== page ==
Shoresearch is The Wildlife Trusts’ national citizen science survey of the intertidal shore where the sea meets the land. It’s a good way to explore the local area, learn more about the wildlife found there and add to the understanding of the habitat.
Volunteers are trained to identify and record the wildlife on shores across the UK. The data collected by the project helps experts to monitor sea life and better understand the effects of pollution, climate change and invasive alien species.
Shoresearch data has been key to designating Marine Conservation Zones.
To learn more about the Defend Nature Campaign, visit the Kent Wildlife Trust website.
Kitesurfers Against Sewage
The annual Tide Pirates Down Winder event took place on Sunday (November 20) and has raised more than £1,800 for the Surfers Against Sewage organisation.
The Ramsgate’s Kite Pirates team up with Tide Waterports, which teaches in Pegwell Bay and Minnis Bay, to take on the kitesurf from Whitstable to Margate.
Some 35 people took part, some in ‘sewage’ fancy dress, to complete the challenge.
Organiser Graeme Rolbiecki, from the Kite Pirates, said: “It went very well. It was a bit more difficult to do this year as the wind was behind us, blowing from the west, which makes it difficult to keep the speed up. It is better when there is a north wind.
“It took longer than normal but everybody got it done and there were no accidents or incidents.”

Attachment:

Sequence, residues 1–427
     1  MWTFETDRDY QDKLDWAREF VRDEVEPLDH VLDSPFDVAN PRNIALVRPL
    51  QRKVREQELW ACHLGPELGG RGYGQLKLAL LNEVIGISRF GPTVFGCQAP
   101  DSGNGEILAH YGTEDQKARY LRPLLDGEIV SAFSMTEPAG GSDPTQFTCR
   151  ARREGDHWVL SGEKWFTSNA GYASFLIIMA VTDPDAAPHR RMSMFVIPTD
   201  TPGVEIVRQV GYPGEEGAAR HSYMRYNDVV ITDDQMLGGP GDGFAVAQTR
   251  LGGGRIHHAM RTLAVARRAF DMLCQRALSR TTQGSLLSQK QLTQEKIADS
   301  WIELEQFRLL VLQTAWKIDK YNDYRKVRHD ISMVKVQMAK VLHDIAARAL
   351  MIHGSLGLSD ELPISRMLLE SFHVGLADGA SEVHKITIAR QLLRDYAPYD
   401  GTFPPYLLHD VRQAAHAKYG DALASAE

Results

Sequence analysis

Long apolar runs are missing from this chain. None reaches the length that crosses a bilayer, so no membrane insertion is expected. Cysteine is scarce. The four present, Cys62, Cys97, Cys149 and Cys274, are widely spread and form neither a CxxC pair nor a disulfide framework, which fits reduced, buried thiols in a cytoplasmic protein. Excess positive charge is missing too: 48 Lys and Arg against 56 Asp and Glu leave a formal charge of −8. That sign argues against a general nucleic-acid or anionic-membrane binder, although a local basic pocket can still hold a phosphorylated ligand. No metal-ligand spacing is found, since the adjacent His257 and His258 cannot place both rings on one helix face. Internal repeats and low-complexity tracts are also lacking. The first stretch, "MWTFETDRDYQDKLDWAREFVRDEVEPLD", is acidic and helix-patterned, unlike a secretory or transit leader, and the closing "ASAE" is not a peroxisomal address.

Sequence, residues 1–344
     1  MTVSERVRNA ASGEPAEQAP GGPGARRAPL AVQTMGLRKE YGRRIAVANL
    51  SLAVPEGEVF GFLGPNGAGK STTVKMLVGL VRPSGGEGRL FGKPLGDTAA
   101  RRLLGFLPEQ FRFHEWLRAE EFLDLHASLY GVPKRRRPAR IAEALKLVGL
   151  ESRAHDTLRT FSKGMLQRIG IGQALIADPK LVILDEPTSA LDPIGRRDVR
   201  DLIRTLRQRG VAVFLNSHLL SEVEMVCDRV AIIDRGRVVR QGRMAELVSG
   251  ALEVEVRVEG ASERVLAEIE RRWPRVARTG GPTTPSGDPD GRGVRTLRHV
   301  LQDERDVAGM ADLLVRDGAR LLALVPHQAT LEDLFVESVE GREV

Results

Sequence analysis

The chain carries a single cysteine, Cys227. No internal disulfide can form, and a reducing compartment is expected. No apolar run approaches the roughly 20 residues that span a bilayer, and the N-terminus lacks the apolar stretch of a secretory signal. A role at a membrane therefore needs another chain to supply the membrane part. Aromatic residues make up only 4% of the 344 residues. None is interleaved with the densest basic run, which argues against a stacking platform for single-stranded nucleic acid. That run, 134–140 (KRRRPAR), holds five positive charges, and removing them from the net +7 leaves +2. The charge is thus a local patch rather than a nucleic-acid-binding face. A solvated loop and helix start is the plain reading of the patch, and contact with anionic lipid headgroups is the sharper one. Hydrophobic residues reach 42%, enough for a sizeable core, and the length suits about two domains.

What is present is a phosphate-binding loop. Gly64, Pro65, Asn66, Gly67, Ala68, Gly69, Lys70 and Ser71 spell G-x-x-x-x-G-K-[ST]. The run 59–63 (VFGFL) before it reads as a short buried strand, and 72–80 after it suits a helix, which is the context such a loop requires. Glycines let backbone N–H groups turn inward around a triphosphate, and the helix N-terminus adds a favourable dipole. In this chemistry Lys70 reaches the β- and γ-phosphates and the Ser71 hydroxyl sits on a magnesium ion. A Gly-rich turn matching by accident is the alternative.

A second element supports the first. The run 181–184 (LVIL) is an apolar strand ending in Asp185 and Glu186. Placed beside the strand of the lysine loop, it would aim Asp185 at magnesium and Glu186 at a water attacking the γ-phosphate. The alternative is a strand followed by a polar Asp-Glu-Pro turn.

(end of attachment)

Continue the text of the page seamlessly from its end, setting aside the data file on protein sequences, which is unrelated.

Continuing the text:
Funds will go to Surfers Against Sewage, which is the primary charity involved with trying to put pressure on the government to clean up Britain’s waterways and coastline.
Graeme says it is a cause close to all the hearts of every kind of watersports enthusiast and conservationist.
He says on the fundraiser page: “We’re hoping this event will both raise cash and more importantly awareness of all the terrible things that are currently happening around our beautiful British coastline because of years of underinvestment and mismanagement by the water companies charged with cleaning and treating our sewage water.”
Storm Overflow Task Force
Southern Water says storm overflow (combined sewer outfalls) releases occur in Margate due to the town’s predominantly combined sewer system, where both wastewater and rain runoff enter the same network. During heavy downpours, rain overloads the system. To avoid homes, businesses, schools and roads flooding, excess water is released into the sea. Releases are around 95% rainwater but have not been fully screened.
The Margate catchment is part of a Storm Overflow Task Force pathfinder project looking at solutions to waste releases. Southern Water is working alongside Kent County Council, Thanet District Council, and residents to improve drainage in the area and drive down the use of storm overflows.
The types of intervention identified in a project report are a mix of innovative and traditional solutions such as removing and slowing the flow of rainwater in the network, making better use of the existing infrastructure, removing impermeable surfaces, creating sustainable drainage in parks, diverting rainwater to the environment, and investing in new assets.
Southern Water has also undertaken flow and manholes surveys. This information will be used to improve the network model for the Margate area. There is also a programme to install some 300 level monitors in the Margate catchment. This will also give more ‘real-time’ data of water levels in the sewers.
Natural solutions include rain gardens, creating tree pits and even realigning road gulleys.